Istanbul was a huge sprawling city, in which we had to obtain our Iranian visas. We camped at Atakoy Campsite on the coast and rode our cycles into Istanbul. This was a tad risky with the melee of traffic jostling for position, but it seemed the Turkish motorists were used to cyclists and gave us a wide berth. We obtained our Iranian visas each costing $50 each in just a matter of days, with minimum fuss. In fact we wondered why everyone warned us it would be difficult. It couldn’t have been easier.
Back at the campsite, a worrying situation was apparent. A young blonde German cyclist was pitching his bivouac just feet from our camper, his frame lean to the extreme, that his trousers were prevented from falling down by a piece of string. Being a very inquisitive person, I went and introduced myself, only to find to my horror that this young man had cycled from Germany and was on his way to INDIA!
‘I must be moving early tomorrow. I have to get through Turkey before it gets too cold and into Iran before it gets too hot.’
‘Why don’t you catch a bus?’ I asked. He wasn’t impressed with my idea, and rushed off to the toilet block for a well earned shower. We woke the following morning to find only a patch of flattened grass, where his bivouac had been. I worried about him and hoped that we would pass him somewhere on the road. Another strange character on the campsite, was Mad Max, a German who wasted little time informing us why our Sherpa wouldn’t make it to India.
‘You have no bumper, only a plastic one.’ He said kicking our standard Sherpa bumper with his big German feet. ‘There are so many cows in India, that you must have a strong bumper.’ He told us waiving his arms about for effect. ‘Pah! You only have single leaf suspension springs. They won’t last a day. Of course you must understand that the roads in India are very rough and springs break easily.’ He then stood back with arms folded and laughed. Mad Max, and his wife it seemed, had driven to India in their 30 year old Mercedes camper van 12 times. Their first drive was back in 1976, but this year they had only been as far as Iran. Mad Max didn’t like the Iranian’s restrictive rules and regulations, and warned us that we would be in for a tough time.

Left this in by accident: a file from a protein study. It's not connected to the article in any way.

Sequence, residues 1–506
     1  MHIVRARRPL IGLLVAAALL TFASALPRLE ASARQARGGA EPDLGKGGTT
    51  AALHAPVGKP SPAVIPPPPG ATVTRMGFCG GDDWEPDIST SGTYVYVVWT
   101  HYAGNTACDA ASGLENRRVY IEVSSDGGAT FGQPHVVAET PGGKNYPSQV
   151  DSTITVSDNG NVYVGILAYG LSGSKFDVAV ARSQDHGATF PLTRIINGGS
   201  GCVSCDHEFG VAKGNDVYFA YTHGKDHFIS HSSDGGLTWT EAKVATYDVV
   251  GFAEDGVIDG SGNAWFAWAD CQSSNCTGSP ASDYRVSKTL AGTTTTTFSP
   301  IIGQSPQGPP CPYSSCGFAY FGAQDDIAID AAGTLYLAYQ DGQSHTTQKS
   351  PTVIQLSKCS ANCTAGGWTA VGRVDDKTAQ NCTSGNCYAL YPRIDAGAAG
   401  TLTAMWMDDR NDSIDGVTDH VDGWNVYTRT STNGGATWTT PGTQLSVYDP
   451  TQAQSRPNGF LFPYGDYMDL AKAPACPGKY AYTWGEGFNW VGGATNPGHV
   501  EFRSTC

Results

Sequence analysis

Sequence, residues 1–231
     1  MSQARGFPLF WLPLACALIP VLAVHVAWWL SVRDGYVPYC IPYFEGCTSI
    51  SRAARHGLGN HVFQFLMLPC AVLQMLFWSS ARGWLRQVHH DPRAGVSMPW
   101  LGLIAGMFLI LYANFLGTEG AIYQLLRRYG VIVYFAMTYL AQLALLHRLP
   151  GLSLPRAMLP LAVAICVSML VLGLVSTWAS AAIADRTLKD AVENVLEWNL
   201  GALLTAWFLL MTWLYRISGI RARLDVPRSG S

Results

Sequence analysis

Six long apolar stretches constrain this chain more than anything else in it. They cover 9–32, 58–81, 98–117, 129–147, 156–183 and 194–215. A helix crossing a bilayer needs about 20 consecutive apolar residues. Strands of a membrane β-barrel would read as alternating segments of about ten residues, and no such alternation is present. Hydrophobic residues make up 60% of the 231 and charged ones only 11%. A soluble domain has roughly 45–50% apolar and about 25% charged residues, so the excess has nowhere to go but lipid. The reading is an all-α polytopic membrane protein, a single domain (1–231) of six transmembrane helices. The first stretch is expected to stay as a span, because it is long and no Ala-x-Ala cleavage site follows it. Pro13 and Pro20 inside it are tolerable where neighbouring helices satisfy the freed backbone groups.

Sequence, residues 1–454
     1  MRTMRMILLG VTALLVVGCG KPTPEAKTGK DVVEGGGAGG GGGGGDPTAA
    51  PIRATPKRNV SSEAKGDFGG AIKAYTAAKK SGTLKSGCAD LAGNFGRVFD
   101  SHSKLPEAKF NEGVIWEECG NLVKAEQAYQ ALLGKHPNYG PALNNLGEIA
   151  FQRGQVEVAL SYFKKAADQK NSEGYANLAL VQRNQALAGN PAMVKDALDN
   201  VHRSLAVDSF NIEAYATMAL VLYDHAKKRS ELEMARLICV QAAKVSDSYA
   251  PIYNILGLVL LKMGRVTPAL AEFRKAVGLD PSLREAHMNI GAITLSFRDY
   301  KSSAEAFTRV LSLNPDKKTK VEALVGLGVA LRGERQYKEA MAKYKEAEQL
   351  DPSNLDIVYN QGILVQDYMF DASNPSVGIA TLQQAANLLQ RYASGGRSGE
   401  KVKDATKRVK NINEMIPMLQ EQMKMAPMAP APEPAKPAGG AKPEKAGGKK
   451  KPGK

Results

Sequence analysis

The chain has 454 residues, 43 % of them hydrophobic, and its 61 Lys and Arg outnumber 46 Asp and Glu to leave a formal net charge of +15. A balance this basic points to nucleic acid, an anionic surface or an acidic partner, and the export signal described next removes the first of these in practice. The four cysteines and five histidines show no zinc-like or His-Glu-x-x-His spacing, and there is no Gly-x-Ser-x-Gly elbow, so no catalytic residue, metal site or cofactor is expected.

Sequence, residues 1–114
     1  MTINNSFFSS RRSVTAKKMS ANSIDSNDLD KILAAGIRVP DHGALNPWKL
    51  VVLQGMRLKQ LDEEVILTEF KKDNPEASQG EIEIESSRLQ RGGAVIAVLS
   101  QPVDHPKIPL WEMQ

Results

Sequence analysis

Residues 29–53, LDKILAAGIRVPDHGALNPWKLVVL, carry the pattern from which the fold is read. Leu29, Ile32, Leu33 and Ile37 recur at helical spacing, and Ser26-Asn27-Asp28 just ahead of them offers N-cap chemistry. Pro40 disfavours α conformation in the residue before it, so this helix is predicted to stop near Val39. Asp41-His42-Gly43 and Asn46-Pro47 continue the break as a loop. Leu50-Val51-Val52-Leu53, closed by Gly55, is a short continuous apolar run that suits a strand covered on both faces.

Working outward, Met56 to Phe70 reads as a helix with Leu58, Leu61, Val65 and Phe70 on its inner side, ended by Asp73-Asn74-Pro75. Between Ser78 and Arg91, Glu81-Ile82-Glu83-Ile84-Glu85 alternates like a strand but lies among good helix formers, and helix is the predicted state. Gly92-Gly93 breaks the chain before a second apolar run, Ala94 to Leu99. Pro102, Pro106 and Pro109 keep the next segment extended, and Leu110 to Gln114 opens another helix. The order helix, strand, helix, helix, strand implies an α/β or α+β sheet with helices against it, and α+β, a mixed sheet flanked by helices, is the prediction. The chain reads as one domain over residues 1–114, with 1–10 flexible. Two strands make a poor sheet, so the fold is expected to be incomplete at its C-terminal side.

‘Of course, when we started driving to India, there were no tourists, just travellers, who blended in and didn’t demand changes. Now the route is full of tourists, who have spoilted everything. Tourists are not travellers.’ Mad Max then gave us some maps and pointed to some good stopovers and which were the good roads in Pakistan and India. I took this as a compliment that we were indeed fellow travellers following the old hippie trail.
We visited all the major sights in Turkey, spending a full 6 weeks working our way around the stunning coast. One of our favourite sites was Ephesus, of which only a very small part has been excavated. Ephesus was an old Roman port city which was once Asia’s capital, and boasts an impressive library, theatre, market place, houses, fountains to name but a few. Walking through its cobbled streets, fires your imagination to times past.
It was in Turkey that I decided to write the names of the countries we had driven through on the side of the van. On seeing this list, the doorman at the gates of The Virgin Mary’s House, (said to be the final home of The Virgin Mary during her later years) asked of he could write on the side of our van.
‘I write “Viggin Mary House” he told us. I handed him a marker and watched him carefully write “Viggin Mary House.”
As he stood back and admired his work, he said ‘Ah, entrance now for you free.’ and waived us in.
I was beginning to understand that travelling was not about sight seeing, but meeting and learning from others, sharing their company and accepting their differences.